Japan’s Transport Safety Board (JTSB) has confirmed that Boeing is preparing to resume limited flight tests of the 787 as part of initial efforts to characterize the operating environment of the battery during typical flight cycles.

Boeing, which declines to confirm reports in the Seattle Times that it has requested permission from the FAA to conduct the data-gathering flights, is known to be evaluating several potential modifications to the battery system as part of urgent attempts to restore the 787 to service. The aircraft has been grounded since mid-January following two separate battery failures on aircraft in the U.S. and Japan earlier last month.

The FAA tells Aviation Week, “We are evaluating the request,” but declines to comment further.

The JTSB meanwhile is providing new details about the extent of the damage sustained by the main battery, which failed on the All Nippon Airways 787 on Jan. 16. The agency says its investigation has found evidence of the same type of thermal runaway event that the U.S. National Transportation Safety Board says occurred on the Japan Airlines 787 APU battery at Boston Logan International Airport on Jan. 7. CT scans and other analysis conducted by the JTSB found damage to all eight cells in the battery as well as indications of short-circuiting and thermal runaway–a condition in which the failure of a single cell rapidly leads to overheating and a spillover to the surrounding cells.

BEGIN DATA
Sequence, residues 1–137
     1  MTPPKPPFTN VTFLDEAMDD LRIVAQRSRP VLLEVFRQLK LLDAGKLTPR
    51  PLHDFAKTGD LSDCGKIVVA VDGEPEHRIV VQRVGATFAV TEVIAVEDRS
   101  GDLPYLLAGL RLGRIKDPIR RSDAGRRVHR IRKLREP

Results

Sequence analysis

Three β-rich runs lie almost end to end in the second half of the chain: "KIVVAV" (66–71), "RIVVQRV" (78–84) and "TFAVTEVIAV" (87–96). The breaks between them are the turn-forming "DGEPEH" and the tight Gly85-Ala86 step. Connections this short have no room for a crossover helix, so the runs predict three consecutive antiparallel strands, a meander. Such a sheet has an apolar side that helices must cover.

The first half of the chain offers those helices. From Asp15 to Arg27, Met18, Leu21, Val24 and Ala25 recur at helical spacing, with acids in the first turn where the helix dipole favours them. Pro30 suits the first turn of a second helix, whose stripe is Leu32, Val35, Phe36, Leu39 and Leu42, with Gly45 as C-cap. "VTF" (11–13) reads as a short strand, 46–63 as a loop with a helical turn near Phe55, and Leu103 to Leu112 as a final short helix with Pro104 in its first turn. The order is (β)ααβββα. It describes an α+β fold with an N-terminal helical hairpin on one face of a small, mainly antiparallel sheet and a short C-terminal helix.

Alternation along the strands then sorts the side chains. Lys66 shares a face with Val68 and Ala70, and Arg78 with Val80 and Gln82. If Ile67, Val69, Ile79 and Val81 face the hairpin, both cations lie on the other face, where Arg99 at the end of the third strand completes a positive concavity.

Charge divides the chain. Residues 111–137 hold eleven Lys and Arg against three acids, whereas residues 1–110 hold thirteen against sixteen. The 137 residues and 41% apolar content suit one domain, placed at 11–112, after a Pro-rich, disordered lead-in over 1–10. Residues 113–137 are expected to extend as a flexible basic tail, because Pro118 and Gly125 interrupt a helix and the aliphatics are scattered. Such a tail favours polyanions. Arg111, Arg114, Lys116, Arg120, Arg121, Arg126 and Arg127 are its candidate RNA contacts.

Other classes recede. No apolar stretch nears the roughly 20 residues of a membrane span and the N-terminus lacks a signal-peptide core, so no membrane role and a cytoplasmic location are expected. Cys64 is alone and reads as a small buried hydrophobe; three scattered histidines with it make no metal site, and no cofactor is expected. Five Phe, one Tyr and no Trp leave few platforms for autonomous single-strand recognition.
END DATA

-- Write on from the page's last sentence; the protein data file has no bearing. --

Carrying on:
According to the Seattle Times, the initial flight tests will focus on measuring the impact of temperature and vibrations on the battery as experienced during typical flight cycles. As revealed earlier in Aviation Week, the report also indicates Boeing is evaluating potential means of beefing up the battery containment and venting system.